Top First Aid training courses/institutes/centres in Mumbai. Find advanced first aid training centres, institutes, classes in Mumbai and get advanced first aid training programs, course fees, duration, class timings, contact numbers. Learn how to handle various Disasters, such as Fire, Bomb Threat, Earthquake, Floods and Gas leakage.
What is First Aid?
First Aid is the help given to any person suffering from illness or injury, with care provided to preserve life, prevent the condition from worsening, and promote recovery.
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First Aid Training
First Aid Training enables individuals to apply proper first aid in the case of health emergencies or due to the lack of an immediately accessible proper medical representative. It includes first intervention in a critical condition before professional medical help becomes available. With the help of first aid knowledge and simple techniques you can prevent unnecessary deaths before hospitalization in case of accidents and in medical conditions.
TRAINING HIGHLIGHTS: Recovery, CPR, Bandage, Stretcher
Training courses for Corporates:
First responder training enables lay rescuers to recognize the warning signs of life threatening conditions such as heart attack, cardiac arrest, stroke (brain attack) and choking an teaches them to respond effectively to these emergencies.
Training courses for Schools:
Training students, teachers and school staff to make schools safer for children.
Basic First Aid
A senior consultant at the Apollo Hospital in Bengaluru was taking swimming lessons when he sensed panic and unrest around him. Instructors had pulled an unconscious student out of the 17m-deep pool, and no one knew how long he had been under water.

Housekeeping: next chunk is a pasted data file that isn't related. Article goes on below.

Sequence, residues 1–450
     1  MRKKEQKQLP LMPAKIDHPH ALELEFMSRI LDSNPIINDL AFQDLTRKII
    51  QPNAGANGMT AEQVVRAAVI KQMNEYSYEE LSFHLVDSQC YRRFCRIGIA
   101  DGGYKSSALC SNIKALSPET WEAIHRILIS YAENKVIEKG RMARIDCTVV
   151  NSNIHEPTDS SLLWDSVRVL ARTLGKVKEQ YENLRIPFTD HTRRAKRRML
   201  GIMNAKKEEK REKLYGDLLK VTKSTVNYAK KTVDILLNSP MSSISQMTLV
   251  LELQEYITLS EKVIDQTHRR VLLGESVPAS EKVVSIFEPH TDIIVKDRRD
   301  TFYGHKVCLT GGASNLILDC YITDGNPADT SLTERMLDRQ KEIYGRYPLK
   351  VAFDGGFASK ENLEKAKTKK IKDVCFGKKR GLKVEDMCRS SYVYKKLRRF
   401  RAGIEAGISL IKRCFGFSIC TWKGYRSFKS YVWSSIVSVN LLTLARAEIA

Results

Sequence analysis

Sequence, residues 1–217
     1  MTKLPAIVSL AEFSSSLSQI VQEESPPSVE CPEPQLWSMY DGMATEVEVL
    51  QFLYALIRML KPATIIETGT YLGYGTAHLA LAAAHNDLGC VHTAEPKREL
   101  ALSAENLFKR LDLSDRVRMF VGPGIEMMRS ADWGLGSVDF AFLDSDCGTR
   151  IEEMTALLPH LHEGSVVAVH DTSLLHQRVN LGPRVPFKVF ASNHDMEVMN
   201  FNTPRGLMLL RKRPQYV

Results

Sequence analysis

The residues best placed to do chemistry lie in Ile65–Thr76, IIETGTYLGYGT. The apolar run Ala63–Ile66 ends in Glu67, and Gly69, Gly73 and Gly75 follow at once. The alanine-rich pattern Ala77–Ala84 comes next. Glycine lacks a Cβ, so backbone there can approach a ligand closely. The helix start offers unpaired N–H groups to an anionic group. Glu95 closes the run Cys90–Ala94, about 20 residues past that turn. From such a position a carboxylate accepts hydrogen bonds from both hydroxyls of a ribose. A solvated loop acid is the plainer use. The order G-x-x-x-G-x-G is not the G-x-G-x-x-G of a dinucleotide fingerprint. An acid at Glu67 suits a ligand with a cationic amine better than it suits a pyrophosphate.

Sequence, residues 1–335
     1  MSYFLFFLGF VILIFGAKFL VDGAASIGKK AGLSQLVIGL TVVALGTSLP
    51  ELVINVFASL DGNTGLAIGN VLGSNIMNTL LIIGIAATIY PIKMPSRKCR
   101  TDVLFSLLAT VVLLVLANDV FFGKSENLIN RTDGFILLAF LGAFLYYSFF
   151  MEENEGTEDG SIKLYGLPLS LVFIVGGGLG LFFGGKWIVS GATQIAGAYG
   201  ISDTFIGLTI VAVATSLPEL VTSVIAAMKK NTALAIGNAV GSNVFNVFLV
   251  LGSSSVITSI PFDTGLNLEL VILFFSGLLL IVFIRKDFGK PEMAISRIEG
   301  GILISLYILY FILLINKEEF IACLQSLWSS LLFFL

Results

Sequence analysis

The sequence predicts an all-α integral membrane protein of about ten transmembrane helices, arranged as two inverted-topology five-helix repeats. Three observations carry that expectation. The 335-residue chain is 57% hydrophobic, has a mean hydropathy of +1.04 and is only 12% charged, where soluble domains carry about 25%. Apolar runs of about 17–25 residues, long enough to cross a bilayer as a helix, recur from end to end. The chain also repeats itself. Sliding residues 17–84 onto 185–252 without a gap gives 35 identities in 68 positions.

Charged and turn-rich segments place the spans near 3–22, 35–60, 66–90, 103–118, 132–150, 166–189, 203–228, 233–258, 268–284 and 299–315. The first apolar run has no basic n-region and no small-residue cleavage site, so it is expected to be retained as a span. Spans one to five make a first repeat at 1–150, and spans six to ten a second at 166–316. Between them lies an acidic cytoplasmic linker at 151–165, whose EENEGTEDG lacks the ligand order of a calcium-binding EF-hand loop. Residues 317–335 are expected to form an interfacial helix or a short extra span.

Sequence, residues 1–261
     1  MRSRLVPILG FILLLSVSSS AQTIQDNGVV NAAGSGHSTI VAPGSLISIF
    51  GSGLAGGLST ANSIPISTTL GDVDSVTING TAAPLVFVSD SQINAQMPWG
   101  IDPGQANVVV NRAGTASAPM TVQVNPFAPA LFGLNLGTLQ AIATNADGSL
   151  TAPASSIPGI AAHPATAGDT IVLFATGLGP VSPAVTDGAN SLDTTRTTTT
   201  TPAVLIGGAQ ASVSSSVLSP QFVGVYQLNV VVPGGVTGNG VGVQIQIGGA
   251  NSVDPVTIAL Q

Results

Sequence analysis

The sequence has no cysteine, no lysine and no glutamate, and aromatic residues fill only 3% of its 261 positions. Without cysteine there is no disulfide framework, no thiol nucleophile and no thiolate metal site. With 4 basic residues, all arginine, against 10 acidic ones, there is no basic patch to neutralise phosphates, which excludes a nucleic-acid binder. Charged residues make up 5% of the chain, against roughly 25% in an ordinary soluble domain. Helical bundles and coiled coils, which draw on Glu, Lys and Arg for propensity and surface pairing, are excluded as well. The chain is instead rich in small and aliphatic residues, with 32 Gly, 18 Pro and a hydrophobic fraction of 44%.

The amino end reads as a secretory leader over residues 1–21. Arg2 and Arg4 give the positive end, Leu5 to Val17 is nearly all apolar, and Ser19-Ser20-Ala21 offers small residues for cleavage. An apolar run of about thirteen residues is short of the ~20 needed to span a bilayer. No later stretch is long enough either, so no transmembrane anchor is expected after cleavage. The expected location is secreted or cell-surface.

“The crowd had already wasted precious seconds milling around and pressing down on his tummy—a useless technique to revive a drowning person”
The young man died.
There was absolutely no first-aid equipment at hand.
In the case of drowning, oxygen supply to the brain is cut off. If such a condition exceeds 4-5 minutes, it can result in irreversible brain damage.
What could have helped save the young man’s life was a simple machine called Automated External Defibrillator (AED).
“An AED is a portable electronic device that administers a small electric pulse that helps revive the rhythm of the heart and restores blood circulation. Anyone can operate it. It’s a simple push-button device that needs to be placed over the chest to be activated. If someone had been more alert at the pool that day and an AED was available, it could have helped us save a life,” says Dr Venkatesh.